• Amy Adams – Arrival
  • Jessica Chastain – Miss Sloane
  • Ruth Negga – Loving
  • Natalie Portman – Jackie

Best performance by an actor in a motion picture – Comedy or Musical

  • Winner: Ryan Gosling – La La Land
  • Colin Farrell – The Lobster
  • Hugh Grant – Florence Foster Jenkins
  • Jonah Hill – War Dogs
  • Ryan Reynolds – Deadpool

Best performance by an actress in a motion picture – Comedy or Musical

  • Winner: Emma Stone – La La Land
  • Annette Bening – 20th Century Women
  • Lily Collins – Rules Don’t Apply
  • Hailee Steinfeld – The Edge of Seventeen
  • Meryl Streep – Florence Foster Jenkins

Best performance by an actor in a supporting role in a motion picture

  • Winner: Aaron Taylor-Johnson – Nocturnal Animals
  • Mahershala Ali – Moonlight
  • Jeff Bridges – Hell or High Water
  • Simon Helberg – Florence Foster Jenkins
  • Dev Patel – Lion

Best performance by an actress in a supporting role in a motion picture

  • Winner: Viola Davis – Fences
  • Naomie Harris – Moonlight
  • Nicole Kidman – Lion
  • Octavia Spencer – Hidden Figures
  • Michelle Williams – Manchester by the Sea

Best Director – Motion Picture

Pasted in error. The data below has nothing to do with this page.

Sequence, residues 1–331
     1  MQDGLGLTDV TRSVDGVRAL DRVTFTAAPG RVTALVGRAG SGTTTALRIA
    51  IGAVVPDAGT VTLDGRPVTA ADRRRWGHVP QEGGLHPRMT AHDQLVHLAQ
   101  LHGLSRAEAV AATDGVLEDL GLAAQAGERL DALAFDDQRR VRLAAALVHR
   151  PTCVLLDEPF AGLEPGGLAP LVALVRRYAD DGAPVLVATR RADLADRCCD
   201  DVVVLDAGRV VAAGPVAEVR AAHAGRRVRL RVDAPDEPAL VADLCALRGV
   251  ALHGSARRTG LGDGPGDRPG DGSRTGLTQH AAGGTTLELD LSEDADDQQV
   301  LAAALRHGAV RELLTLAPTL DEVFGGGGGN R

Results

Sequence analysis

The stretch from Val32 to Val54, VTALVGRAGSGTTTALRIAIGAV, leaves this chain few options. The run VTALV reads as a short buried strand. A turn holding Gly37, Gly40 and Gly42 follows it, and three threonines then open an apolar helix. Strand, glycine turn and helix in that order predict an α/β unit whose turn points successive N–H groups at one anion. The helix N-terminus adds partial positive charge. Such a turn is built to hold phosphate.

• Winner: Damien Chazelle – La La Land
  • Tom Ford – Nocturnal Animals
  • Mel Gibson – Hacksaw Ridge
  • Barry Jenkins – Moonlight
  • Kenneth Lonergan – Manchester by the Sea

Best Screenplay – Motion Picture

  • Winner: Damien Chazelle – La La Land
  • Tom Ford – Nocturnal Animals
  • Barry Jenkins – Moonlight
  • Kenneth Lonergan – Manchester by the Sea
  • Taylor Sheridan – Hell or High Water

Best Animated Feature Film

  • Winner: Zootopia
  • Kubo and the Two Strings
  • Moana
  • My Life as a Zucchini
  • Sing

Best Foreign Language Film

  • Winner: Elle
  • Divines
  • Neruda
  • The Salesman
  • Toni Erdmann

Best Priginal Score – Motion Picture

  • Winner: Justin Hurwitz – La La Land
  • Hans Zimmer, Pharrell Williams, Benjamin Wallfisch – Hidden Figures
  • Dustin O’Halloran, Hauschka – Lion
  • Johann Johannsson – Arrival
  • Nicholas Britell – Moonlight

Best Original Song – Motion Picture

  • Winner: City of Stars – La La Land
  • Can’t Stop the Feeling – Trolls
  • Faith – Sing
  • Gold – Gold
  • How Far I’ll Go – Moana
Written by Tom Sheffield